213, 237; see also St John Timberhill, Norwich, case, 1889 Prob.
The chief institutions for higher instruction are the university of Vermont and State Agricultural College (1800, 1865), a land-grant college at Burlington, Middlebury College (1800) at Middlebury, Norwich University (1819) at, Northfield, and the state normal schools at Randolph (1867), Johnson (1867) and Castleton (1868).
Sir John Howard served in Edward II.'s wars in Scotland and Gascony, was sheriff of Norfolk and Suffolk and governor of Norwich Castle.
To his grandson Thomas, a lunatic living at Padua, on whose death in 1677 it passed to this Thomas's brother, Henry Frederick, who had been created earl of Norwich and hereditary earl marshal of England in 1672.
With him ended the earldom of Norwich, while the representation of the Mowbrays and Segraves passed to his nieces, the Ladies Stourton and Petre, the abeyance of the two baronies being determined in 1878 in favour of Lord Stourton.
His parents removed to Norwich where he attended an elementary school and evening classes.
After a year he returned to Norwich and identified himself with the movement to organize local printers in a branch of the Typographical Association, of which he became president and ultimately secretary.
He also became president of the Norwich and District Trades and Labour Council.
He was elected to the Norwich School Board in 1899, being the first candidate run by the local Labour party to win a seat on a public body.
He was returned as one of the members for Norwich at the general election of 1906, and has held the seat since.
1401), English Lollard, was a priest at Lynn who was summoned before the bishop of Norwich for heresy in 1399.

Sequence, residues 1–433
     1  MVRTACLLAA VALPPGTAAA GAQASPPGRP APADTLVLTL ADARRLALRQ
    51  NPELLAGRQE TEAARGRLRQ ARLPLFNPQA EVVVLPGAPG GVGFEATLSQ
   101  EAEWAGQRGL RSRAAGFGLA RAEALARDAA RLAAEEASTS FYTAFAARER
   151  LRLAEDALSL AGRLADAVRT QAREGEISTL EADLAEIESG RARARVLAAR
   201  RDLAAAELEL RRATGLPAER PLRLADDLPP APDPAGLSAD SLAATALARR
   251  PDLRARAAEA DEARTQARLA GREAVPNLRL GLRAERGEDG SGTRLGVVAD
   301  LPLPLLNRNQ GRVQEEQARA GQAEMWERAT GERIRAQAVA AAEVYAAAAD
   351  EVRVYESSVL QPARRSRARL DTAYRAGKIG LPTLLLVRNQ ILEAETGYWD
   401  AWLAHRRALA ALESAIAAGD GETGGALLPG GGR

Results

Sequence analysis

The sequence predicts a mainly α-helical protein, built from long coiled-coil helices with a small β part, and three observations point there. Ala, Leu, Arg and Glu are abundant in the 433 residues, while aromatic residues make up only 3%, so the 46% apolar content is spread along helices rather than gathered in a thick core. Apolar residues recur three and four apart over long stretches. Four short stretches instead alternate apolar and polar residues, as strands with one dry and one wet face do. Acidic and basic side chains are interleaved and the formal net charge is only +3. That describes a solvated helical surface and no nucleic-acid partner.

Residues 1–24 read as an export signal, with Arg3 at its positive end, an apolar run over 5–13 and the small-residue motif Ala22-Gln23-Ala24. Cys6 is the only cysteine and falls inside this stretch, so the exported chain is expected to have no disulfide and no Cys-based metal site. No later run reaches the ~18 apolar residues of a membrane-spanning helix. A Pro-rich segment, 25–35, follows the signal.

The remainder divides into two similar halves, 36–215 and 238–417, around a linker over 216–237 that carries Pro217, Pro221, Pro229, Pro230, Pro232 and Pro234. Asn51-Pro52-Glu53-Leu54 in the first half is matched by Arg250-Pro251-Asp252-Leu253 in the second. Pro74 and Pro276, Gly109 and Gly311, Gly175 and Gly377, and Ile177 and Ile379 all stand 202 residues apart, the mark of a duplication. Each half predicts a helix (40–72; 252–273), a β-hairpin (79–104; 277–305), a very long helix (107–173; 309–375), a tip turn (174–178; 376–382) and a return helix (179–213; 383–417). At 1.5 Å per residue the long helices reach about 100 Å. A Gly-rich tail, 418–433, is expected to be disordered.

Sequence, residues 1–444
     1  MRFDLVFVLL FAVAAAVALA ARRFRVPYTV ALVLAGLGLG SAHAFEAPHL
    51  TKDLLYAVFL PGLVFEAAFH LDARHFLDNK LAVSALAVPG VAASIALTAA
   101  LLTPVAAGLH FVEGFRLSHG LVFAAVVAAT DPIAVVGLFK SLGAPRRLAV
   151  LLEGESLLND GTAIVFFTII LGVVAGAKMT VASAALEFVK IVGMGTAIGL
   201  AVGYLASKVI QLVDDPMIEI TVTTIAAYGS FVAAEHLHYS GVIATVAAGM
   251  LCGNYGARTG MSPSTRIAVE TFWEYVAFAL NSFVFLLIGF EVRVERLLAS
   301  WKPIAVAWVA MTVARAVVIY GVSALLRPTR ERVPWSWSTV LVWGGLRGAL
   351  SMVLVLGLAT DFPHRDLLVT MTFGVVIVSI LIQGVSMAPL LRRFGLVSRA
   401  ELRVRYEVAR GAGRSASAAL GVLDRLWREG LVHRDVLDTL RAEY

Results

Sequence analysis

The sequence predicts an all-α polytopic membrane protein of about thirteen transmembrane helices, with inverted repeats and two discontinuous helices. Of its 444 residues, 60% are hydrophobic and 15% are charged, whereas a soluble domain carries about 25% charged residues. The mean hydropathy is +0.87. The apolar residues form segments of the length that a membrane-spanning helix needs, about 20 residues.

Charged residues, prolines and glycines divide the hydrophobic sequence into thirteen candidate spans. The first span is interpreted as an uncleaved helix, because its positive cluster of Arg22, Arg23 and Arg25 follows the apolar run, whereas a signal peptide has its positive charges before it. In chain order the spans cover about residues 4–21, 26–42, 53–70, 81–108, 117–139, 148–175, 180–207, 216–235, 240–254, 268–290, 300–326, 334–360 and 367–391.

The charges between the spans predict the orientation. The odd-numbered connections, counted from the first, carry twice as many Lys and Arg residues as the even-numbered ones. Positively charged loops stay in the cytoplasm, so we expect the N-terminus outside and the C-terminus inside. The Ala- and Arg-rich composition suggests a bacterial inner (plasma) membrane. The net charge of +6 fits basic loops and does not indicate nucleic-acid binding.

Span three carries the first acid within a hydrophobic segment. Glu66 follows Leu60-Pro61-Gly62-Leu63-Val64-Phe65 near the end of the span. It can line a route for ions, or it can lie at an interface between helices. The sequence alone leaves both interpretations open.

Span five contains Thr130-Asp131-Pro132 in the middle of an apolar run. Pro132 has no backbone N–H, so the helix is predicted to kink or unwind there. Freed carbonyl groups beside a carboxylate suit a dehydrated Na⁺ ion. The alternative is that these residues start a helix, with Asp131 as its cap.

He was one of the chief leaders in the second Civil War, but met with no success, and on the 27th of August, together with Lord Norwich, he surrendered to Fairfax at Colchester on promise of quarter for life.'
In 1886, at Norwich, a prize of 25 was awarded for a thatch-making machine.
8vo, 1815-1822), published at Norwich, but never finished.
Antliff, Thomas Bateman and Henry Hodge) finds Primitive Methodism as a connexion of federated districts, a unity which may be described as mechanical rather than organic. The districts between 1853 and 1873 were ten in number, Tunstall, Nottingham, Hull, Sunderland, Norwich, Manchester, Brinkworth, Leeds, Bristol and London.
Thus Hull district inaugurated a bold policy of chapel-buildings; Norwich that of a foreign mission; Sunderland and Manchester the ideal of a bettereducated ministry, Sunderland institute being opened in 1868; Nottingham district founded a middle-class school; Leeds promoted a union of Sunday-schools, and the placing of chapel property on a better financial footing.